A new report from the centre-right think tank Civitas gives welcome support to the case for building on previously developed brownfield land before encroaching on the countryside. Restoring brownfield sites in our inner towns and cities by the industrialist Peter Haslehurst draws on the author’s considerable experience of how costly and difficult it is to remediate brownfield sites. The short report is full of good examples and is well worth reading.
[Response to comments:]

I don’t think there should be any major disagreement between environmental groups on the issue of brownfield land. No one is advocating building on all brownfield land. But 21 wildlife and countryside groups supported a sequential, brownfield-first approach in Wildlife and Countryside Link’s response to the NPPF consultation in 2011 –http://www.wcl.org.uk/docs/2011/Link_response_to_NPPF_consultation_171011.pdf. Those signing up ranged from CPRE, the Ramblers and the Open Spaces Society to the Wildlife Trusts, the RSPB and Buglife.

How to get more brownfield development | CPRE viewpoint

However, a piece in the Telegraph from 2007 suggested things were not so straightforward:

Brownfield sites are havens for wildlife

By Fred Pearce 23 Aug 2007


Fred Pearce on the need to keep some brownfield sites, so nature can flourish undisturbed

Save the brown fields. Yes, you heard my right. If environmentalists and property developers can agree on anything, it is that urban "brownfield sites" are for building on.

And Gordon Brown wants as many as possible, in order to save the green belt. But always beware a consensus. And here I think the big green groups have got it all wrong.

For in our increasingly landscaped and sanitised world, some of our most astounding wildlife habitats are on derelict urban land - the very brownfield sites that Friends of the Earth and the Campaign for the Protection of Rural England want us to concrete over. If they think they are saving nature this way, they have got it horribly wrong.

Here is one example. Less than a mile from where I live, developers have recently built apartment blocks on a small brownfield site. They call it Battersea Reach now, but it used to be Gargoyle Wharf, an oil storage depot close to Wandsworth Bridge in south London.

When it was empty, greens regarded the abandoned depot as a toxic wasteland. But plants thought differently. And for a while, it was London's top site for wild flowers. Botanists found more than 300 species of flowering plants there.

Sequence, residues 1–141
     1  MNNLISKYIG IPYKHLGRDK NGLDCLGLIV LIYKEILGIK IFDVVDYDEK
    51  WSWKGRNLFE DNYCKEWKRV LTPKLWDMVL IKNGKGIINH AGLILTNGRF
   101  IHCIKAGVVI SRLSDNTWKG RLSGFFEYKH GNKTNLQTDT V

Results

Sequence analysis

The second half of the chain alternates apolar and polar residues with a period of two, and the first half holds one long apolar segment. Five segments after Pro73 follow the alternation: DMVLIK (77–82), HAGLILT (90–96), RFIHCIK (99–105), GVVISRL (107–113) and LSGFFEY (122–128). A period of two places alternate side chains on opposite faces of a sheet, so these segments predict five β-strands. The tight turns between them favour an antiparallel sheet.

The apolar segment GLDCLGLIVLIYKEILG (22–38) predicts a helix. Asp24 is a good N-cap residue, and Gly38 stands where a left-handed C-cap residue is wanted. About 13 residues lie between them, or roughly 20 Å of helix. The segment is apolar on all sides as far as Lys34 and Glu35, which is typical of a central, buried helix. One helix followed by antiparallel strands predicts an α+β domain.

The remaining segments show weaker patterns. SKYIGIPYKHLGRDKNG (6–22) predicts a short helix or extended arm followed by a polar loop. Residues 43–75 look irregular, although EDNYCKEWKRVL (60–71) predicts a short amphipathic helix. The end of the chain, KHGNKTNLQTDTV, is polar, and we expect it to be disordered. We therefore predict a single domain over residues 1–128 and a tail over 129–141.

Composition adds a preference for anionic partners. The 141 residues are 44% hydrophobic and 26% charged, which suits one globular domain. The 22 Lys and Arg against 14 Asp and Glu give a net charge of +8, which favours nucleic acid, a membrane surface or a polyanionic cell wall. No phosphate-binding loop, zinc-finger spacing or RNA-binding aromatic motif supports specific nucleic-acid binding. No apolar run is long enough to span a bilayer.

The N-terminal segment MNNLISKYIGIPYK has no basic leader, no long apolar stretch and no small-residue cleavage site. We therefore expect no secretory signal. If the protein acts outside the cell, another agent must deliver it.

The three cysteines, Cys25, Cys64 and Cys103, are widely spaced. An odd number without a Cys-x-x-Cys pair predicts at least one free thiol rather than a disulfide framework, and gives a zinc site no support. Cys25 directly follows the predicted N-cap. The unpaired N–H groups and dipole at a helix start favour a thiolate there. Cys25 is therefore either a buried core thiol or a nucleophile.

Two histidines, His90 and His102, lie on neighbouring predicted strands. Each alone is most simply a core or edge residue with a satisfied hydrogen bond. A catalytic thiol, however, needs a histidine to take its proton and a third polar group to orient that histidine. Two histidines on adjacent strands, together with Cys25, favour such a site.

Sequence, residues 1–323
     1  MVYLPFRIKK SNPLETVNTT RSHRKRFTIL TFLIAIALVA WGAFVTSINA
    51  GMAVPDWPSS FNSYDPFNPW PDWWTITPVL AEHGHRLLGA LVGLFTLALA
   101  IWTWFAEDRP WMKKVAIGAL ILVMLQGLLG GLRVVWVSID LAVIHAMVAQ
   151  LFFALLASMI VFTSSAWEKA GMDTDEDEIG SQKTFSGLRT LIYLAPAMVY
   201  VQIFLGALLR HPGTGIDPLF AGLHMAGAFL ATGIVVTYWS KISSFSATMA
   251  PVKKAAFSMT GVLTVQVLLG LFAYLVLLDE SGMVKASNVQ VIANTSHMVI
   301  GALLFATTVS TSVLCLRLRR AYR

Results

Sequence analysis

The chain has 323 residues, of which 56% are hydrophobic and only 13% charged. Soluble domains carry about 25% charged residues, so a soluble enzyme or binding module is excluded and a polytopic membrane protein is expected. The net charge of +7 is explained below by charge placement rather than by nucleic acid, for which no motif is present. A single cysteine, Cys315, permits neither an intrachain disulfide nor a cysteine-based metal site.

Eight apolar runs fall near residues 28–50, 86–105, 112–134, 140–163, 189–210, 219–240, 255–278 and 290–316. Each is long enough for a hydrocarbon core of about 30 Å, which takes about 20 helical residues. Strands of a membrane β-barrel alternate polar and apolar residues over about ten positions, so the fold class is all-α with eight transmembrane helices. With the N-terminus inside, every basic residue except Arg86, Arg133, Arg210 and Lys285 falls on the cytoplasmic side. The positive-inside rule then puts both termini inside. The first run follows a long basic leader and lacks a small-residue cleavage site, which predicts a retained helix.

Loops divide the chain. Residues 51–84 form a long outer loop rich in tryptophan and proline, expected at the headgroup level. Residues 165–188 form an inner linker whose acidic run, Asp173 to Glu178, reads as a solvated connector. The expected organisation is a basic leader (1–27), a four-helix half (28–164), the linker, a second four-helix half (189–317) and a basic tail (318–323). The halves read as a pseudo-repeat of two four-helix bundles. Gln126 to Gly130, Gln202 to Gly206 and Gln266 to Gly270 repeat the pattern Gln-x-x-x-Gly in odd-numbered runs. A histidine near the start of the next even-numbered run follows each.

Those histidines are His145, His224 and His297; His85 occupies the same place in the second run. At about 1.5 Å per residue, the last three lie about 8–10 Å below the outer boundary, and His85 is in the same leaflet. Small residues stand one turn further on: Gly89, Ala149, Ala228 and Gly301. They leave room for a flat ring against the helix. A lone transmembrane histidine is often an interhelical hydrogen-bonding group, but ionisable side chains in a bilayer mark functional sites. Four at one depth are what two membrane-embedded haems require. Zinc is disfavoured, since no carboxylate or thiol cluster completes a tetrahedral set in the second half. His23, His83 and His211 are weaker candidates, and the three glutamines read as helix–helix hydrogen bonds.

It was, one told me, "one of the most fantastic sites I've ever been to." But no big-league environmental campaigners came to the defence of the flowers, because they were on a brownfield site. So we have Battersea Reach.

Wastelands are good for wildlife. A sixth of all the official sites of special scientific interest in Britain - the basic designation for anywhere that nature thrives interestingly - are old urban, industrial and mining land.

Brownfield sites are havens for wildlife - Telegraph

And, indeed, the organisations Shaun Speers refers to have very clear policies on 'brownfield sites':
Brownfield | The Wildlife Trusts
Brownfields | Buglife
Natural England - Unlocking the mystery of brownfield habitat
Wildlife bodies launch major attack on brownfield policy | Brownfield Briefing

Waste land or 'brownfield' sites are vital for wildlife

21 June 2012 Last updated at 01:40

By Victoria Gill Science reporter, BBC Nature

Richard Fox from Butterfly Conservation said that many of the sites were under threat from by redevelopment and "bland landscaping schemes". He explained to BBC Nature why these areas - of disturbed or even contaminated land - were such unique habitats.

"An old spoil tip [for example] would be terrible if you wanted to create a garden, but it's great for wildlife, because the poor soil leads to slow development of diverse plants."

Patches of bare ground that heat up in the sun also produce "little microclimates" on brownfield sites.

Mr Fox explained: "These are great for insects, especially in a cool, damp place like Britain."

Elephant hawkmoths are commonly found on brownfield sites

He added that he hoped "moth night" would encourage formal wildlife surveys of brownfield areas, so that their true environmental value could be calculated and taken into consideration in any decision about whether and how to develop them.

No comments: